A mobile device security platform funded in part by the Department of Homeland Security (DHS) Science and Technology Directorate (S&T) has been updated with a never-before-seen feature to help tackle one of the most persistent problems in Federal agency cybersecurity.
San Francisco-based Lookout has added phishing protection to its Mobile Endpoint Security platform, and S&T today announced that an update to Lookout’s platform–with the new mobile phishing feature and enhanced content protection capabilities–is being transitioned to the government and private sector and is now available for both iPhone and Android devices.
S&T calls the phishing protection “an important new and first-of-its-kind feature for mobile devices” aimed at preventing the theft of user credentials or delivery of malware through bogus links. While emails have been the primary attack vector for phishing scams, their prevalence is growing in both mobile applications and SMS text messages.
“Beyond simply detecting phishing attempts in SMS messages, the system also detects and prevents attacks that hide inside mobile apps, social media messages, and in personal and corporate email,” S&T said in a statement today. It added that the platform inspects connections at the network level, but doesn’t inspect message content, preserving end-user privacy.
The Federal government has certainly had its fair share of trials attempting to educate employees on the dangers of phishing scams, and results have been mixed. More and more devices are connecting to Federal networks, leading to programs like DHS’ Continuous Diagnostics and Mitigation Program seeking to monitor growing network traffic.
But more devices mean a larger attack surface, and more potential entry points that bad actors can use to target Federal networks. A white paper released by Lookout in April found that the rate at which people fall for phishing attacks on mobile phones has increased 85 percent every year since 2011.
“Simply managing a mobile device is not enough to protect sensitive government information,” said S&T Mobile Security Research and Development Program Manager Vincent Sritapan. “The device also must have mobile endpoint security that alerts IT and security personnel to potential attacks. Without proper mobile security, agencies cannot adequately protect against data compromises.”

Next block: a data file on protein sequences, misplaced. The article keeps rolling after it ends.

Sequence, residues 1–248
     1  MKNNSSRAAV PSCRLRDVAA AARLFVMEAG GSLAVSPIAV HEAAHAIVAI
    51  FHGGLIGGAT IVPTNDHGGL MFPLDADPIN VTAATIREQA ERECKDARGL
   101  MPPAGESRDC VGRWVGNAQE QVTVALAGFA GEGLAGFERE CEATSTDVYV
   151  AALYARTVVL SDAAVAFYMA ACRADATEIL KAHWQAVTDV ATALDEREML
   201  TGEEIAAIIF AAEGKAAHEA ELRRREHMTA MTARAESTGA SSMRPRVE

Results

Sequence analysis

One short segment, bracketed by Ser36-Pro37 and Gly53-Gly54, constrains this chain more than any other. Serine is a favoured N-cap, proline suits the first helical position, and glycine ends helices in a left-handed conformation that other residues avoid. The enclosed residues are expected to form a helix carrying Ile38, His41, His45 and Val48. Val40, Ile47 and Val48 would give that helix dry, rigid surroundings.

In May, the National Institute of Standards and Technology issued a bulletin that suggested email was becoming “a more difficult medium for malicious entities to use as a penetration vector” and suggested that social media and web applications could be the next frontier for attacks. Lookout’s new platform appears a step toward curbing that potential new exploit trend.
On the email front, it seems DHS is leading the charge to good effect. In October of last year, it issued a binding operational directive that required government agencies to adopt Domain-based Message Reporting, Authentication, and Conformance (DMARC), a protocol that combats phishing by authenticating the identity of an email’s sender.
Recent research reveals that the Federal government leads other sectors in adopting this vital email safety tool, and a DHS official last month said that the agency is influencing the broader technology ecosystem to adopt better cybersecurity through tools like DMARC.
Verizon’s annual Data Breach Investigations Report found that 93 percent of the incidents it investigated involved financial pretexting and phishing, and organizations are nearly three times more likely to get breached by social attacks than via actual network vulnerabilities. As phishing attacks travel from traditional email to other platforms like mobile, DHS appears ready to invest in new technologies to meet the threat at its new destination.